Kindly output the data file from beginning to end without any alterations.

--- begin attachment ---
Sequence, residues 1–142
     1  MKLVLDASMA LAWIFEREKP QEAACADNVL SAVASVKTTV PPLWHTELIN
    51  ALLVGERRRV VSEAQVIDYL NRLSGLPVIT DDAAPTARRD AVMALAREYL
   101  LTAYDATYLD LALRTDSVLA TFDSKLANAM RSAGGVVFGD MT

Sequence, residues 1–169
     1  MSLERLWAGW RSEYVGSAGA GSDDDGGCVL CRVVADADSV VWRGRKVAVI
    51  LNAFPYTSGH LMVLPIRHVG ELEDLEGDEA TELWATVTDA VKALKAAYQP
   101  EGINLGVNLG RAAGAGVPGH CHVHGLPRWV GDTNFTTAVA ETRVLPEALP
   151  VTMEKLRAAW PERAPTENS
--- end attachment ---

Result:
Sequence, residues 1–142
     1  MKLVLDASMA LAWIFEREKP QEAACADNVL SAVASVKTTV PPLWHTELIN
    51  ALLVGERRRV VSEAQVIDYL NRLSGLPVIT DDAAPTARRD AVMALAREYL
   101  LTAYDATYLD LALRTDSVLA TFDSKLANAM RSAGGVVFGD MT

Sequence, residues 1–169
     1  MSLERLWAGW RSEYVGSAGA GSDDDGGCVL CRVVADADSV VWRGRKVAVI
    51  LNAFPYTSGH LMVLPIRHVG ELEDLEGDEA TELWATVTDA VKALKAAYQP
   101  EGINLGVNLG RAAGAGVPGH CHVHGLPRWV GDTNFTTAVA ETRVLPEALP
   151  VTMEKLRAAW PERAPTENS